The advent of iPSCs also broke the ‘cancer cell line monopoly’. Previously, cancer cells were the only reliable source for human immortal cells. Like cancers, iPSCs are immortal, but they don’t suffer from the disadvantages of the pathologically altered genomes of cancer cells, yet still retain their capacity to differentiate into any cell type of interest. In the realm of academia, Allen Institute for Cell Science has launched an industrial-scale library of characterized iPSCs that will be used to create a visual, animated model of the cell, suggesting that iPSCs will soon replace cancer cells as a model system for basic cell biology.

iPSC is awesome, but it’s not perfect… yet

One challenge is no individual iPSC lines are identical, and we’re not sure how these variabilities affect a line’s potential to differentiate into function cells.

Some differences are simply Single nucleotide polymorphisms (SNP). Each SNP represents a difference in a single DNA building block, called a nucleotide. For example, a SNP may replace the nucleotide cytosine (C) with the nucleotide thymine (T) in a certain stretch of DNA. There are millions of SNPs within a human genome, and they vary between people. While most of SNPs are known to be non-coding or regulatory, they generate data noise when we try to identify meaningful genetic differences to come up a safe, effective clinical application.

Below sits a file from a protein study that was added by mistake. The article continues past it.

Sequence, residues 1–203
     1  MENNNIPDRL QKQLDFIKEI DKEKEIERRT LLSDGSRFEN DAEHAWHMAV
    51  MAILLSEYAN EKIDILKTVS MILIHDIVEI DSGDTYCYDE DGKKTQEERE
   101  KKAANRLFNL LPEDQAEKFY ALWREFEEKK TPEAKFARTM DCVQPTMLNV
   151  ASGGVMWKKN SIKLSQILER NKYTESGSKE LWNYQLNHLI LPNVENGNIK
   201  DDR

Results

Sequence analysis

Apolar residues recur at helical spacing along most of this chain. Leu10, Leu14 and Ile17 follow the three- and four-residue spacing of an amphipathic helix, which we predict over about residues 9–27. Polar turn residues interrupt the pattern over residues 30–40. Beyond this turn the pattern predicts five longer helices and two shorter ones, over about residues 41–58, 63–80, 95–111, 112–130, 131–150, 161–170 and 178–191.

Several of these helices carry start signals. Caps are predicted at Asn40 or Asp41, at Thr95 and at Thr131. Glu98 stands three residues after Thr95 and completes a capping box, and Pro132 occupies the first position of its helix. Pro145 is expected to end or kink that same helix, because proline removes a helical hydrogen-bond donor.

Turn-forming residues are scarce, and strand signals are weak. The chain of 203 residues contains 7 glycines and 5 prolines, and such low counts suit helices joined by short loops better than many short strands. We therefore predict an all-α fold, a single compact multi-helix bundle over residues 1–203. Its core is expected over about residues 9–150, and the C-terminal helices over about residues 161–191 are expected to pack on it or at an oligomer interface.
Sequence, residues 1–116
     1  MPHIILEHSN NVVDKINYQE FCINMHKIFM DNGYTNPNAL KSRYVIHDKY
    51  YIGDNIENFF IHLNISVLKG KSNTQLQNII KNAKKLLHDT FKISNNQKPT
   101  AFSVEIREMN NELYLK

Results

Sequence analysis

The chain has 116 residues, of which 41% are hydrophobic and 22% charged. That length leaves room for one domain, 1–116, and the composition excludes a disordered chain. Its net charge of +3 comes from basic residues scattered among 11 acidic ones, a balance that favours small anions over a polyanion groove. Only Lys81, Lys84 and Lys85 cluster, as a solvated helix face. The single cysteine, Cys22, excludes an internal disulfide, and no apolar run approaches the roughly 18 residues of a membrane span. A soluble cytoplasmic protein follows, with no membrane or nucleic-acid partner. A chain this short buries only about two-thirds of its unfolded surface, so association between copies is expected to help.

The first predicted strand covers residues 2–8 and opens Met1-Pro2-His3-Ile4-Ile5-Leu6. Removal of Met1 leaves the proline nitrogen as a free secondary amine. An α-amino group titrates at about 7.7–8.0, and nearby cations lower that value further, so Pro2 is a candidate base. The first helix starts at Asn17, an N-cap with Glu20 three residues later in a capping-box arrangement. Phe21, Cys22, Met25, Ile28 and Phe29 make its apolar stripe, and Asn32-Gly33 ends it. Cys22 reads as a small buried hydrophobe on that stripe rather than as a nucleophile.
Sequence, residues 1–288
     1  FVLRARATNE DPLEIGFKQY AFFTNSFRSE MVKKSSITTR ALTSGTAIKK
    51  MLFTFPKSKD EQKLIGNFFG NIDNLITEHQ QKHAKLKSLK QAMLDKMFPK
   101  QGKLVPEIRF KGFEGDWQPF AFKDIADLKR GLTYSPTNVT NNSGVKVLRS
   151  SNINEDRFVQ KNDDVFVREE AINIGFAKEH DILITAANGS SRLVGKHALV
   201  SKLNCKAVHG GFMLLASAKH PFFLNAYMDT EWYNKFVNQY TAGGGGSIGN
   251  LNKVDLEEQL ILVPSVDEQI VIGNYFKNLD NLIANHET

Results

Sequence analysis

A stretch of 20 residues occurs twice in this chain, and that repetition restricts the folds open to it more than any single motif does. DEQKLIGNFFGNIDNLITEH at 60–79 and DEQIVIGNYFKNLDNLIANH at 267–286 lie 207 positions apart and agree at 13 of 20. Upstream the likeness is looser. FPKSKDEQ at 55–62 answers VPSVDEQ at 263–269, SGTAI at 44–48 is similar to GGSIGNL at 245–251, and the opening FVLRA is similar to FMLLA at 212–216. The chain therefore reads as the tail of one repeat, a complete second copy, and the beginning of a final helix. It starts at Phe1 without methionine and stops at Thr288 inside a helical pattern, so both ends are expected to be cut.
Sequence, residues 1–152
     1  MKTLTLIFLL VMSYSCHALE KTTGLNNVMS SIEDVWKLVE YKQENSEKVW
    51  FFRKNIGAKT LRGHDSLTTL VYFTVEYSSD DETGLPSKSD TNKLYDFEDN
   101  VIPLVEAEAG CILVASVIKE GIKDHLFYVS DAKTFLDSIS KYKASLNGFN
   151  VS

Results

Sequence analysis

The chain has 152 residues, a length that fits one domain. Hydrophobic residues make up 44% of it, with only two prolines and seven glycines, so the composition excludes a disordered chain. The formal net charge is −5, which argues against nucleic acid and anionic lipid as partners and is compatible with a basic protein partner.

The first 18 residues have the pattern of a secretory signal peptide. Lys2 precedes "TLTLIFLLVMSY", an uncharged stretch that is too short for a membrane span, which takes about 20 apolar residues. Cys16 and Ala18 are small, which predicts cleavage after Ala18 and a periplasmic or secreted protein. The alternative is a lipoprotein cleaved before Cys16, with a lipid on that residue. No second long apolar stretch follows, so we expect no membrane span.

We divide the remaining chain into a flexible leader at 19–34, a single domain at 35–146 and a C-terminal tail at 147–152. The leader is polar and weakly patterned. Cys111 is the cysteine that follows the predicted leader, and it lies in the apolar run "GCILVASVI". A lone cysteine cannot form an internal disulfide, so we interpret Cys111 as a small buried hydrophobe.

Illustration of Single nucleotide polymorphisms (SNP) from DNA Encyclopedia

The data interpretation situation is exacerbated with sporadic, polygenic diseases. While some diseases, like Fragile Syndrome X, are caused by the mutation on a single allele (a.k.a monoallelic), others are caused by multiple genetic risk factors, as outlined in the Genome Wide Association Studies (GWAS) — a genome-wide association studies between different individuals to see if there is a common variant that leads to a common trait. These are known as polygenic diseases (poly- means many). It has been shown that the environment also affect these multiple risk factors.